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What in an NBA Name?  Part I

There are all kinds of team names and nicknames in the world of the National Basketball Association, and even more interesting explanations of how these came to be. And although some clubs have moved from city to city, they kept the original nicknames they began with which makes for some odd combinations.

The Knicks and the Celtics are the only teams still playing in the NBA in their original cities. The name Knickerbockers dates back to when New York was New Amsterdam, and the city's Dutch settlers wore trousers bunched up at the knee known as "knickers." The name Celtics was given to Boston in 1946 by Walter Brown, the founder of the franchise.

"We'll call them the Boston Celtics," he said. "The name has a great basketball tradition, especially when you think of the original 'Celtics' team. Boston is full of Irishmen; so we'll put the players in green uniforms and call them the Boston Celtics after their Celtic ancestors."

The Atlanta Hawks were once the St. Louis Hawks, and before that they were the Milwaukee Hawks. Even before that in 1948, they were the Tri-Cities Blackhawks. The three cities referred to Moline, Illinois; Rock Island, Illinois; and Davenport, Iowa. Way back in 1831, the Blackhawk War was fought in that tri-cities area, and that's how the original Blackhawk's nickname, later shortened to Hawks, came to be.

The Rochester Royals played in the NBA for nine seasons and then transferred to Cincinnati. The name Royals was kept. In 1972, the franchise moved to Kansas City, Missouri, and the name was dropped to avoid confusion in the Kansas City area as the Kansas City and the Omaha baseball teams both used the name Royals. The new name for the NBA basketball franchise became the Kansas City-Omaha Kings and, in 1975, simply the Kansas City Kings. A decade later, when the team moved to California, they became the Sacramento Kings.

Not many people realize that the Denver Nuggets were charter members of the NBA. But that team only lasted one season. When the Denver Rockets of the American Basketball Association came into the NBA, they had to change their name because the Houston Rockets already existed. So the Denver franchise took the "Nuggets" name of the original franchise, which was appropriate for an area with a history of gold and silver mining of nuggets.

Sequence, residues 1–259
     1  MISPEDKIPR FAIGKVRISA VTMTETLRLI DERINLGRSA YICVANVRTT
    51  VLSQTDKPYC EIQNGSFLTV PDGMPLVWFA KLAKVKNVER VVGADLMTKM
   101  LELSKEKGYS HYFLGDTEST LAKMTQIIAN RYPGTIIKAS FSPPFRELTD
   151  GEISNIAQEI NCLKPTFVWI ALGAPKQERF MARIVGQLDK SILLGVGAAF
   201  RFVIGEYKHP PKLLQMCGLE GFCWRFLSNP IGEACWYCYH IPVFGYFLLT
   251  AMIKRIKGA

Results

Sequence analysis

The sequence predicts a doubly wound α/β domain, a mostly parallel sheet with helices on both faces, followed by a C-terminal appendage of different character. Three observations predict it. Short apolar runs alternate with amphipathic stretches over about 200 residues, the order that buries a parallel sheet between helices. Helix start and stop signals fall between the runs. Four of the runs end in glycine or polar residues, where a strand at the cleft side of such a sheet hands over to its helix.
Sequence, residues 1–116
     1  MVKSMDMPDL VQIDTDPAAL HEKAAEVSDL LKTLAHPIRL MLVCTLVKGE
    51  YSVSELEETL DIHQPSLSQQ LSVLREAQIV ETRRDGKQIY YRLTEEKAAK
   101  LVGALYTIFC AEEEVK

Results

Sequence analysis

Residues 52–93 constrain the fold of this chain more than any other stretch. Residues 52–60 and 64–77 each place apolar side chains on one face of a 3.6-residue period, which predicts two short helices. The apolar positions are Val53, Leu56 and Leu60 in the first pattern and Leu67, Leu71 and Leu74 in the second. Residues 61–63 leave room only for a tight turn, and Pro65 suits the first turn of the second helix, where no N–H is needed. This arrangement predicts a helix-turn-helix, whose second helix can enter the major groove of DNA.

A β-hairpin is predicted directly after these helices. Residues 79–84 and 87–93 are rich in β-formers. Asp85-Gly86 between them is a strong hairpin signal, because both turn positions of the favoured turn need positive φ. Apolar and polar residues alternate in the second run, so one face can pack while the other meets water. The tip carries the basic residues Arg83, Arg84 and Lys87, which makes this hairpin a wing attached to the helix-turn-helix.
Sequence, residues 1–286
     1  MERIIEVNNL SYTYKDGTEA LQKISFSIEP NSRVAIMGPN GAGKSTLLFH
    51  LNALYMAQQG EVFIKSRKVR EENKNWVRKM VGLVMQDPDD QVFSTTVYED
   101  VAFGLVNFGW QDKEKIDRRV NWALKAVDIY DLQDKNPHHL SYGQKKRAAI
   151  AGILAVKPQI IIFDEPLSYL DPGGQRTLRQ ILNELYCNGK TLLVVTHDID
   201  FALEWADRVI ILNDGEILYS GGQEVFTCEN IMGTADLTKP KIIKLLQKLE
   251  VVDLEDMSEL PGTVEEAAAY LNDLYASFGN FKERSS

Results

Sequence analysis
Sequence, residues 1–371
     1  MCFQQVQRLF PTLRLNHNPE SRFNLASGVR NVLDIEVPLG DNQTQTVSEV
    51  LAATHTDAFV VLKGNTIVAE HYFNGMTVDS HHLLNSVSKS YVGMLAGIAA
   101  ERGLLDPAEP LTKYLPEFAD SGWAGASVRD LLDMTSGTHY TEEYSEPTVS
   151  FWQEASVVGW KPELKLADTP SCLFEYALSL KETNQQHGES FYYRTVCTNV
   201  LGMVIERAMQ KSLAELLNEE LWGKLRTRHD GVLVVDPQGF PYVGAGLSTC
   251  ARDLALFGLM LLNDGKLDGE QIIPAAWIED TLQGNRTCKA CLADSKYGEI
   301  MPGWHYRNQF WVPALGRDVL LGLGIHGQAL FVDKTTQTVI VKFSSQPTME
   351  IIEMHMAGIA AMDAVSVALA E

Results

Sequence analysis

Charlotte, Miami, Minnesota and Orlando are among the newer teams in the NBA. All have interesting "name" stories. Originally, the Charlotte team was named the Spirit, but that didn't go over too well. It was soon dropped, and a contest was launched among fans to come up with a new name. Runner-up names included: the Charlotte Gold, the Charlotte Knights, and incredibly the original name - the Charlotte Spirit.

As every NBA fan knows; the winner was the Charlotte Hornets. Miami also held a name-the-team contest and received more than 5,000 entries. Some of the names that didn't make it included such choices as Palm Trees, Beaches, Suntan, and Shade.

Heat beat them all out. As one clever official explained, "When you think of Miami, heat is what comes to mind."

Over 6,000 entries were submitted for the Minnesota team name. The choice came down to Timberwolves vs. Polars. Timberwolves easily won. That animal is native to Minnesota, and no other professional sports team ever thought to use the name.

The "Orlando Sentinel" sponsored a name-the-team contest in that Florida city. As with Minnesota, the competition came down to two names: Magic and Juice. Orlando general manager Pat Williams explained why Magic won out: "Magic is synonymous with the Orlando area. We have the Magic Kingdom in Disneyworld, and the tourism slogan here is 'Come to the Magic.'"  

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You can reach Harvey Frommer at:   

Email:  harvey.frommer@Dartmouth.EDU 

About the Author:

Harvey Frommer is in his  38th year of writing books. A noted oral historian and sports journalist, the author of 42 sports books including the classics: "New York City Baseball,1947-1957" and "Shoeless Joe and Ragtime Baseball," his acclaimed REMEMBERING YANKEE STADIUM was published in 2008 and his REMEMBERING FENWAY PARK: AN ORAL AND NARRATIVE HISTORY OF THE HOME OF RED SOX NATION was published to acclaim in 2011.  The prolific Frommer is at work on When It Was Just a Game, An Oral History on Super Bowel One. 

His work has appeared in the New York Times, Los Angeles Times, Washington Post, New York Daily News, Newsday, USA Today, Men's Heath, The Sporting News, among other publications.

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Harvey Frommer along with his wife, Myrna Katz  Frommer are the authors of five critically acclaimed oral/cultural histories, professors at Dartmouth  College, and travel writers who specialize in cultural history, food, wine, and Jewish history and heritage in the United States, Europe, and the Caribbean. 

This Article is Copyright 1995 - 2014 by Harvey Frommer.  All rights reserved worldwide.

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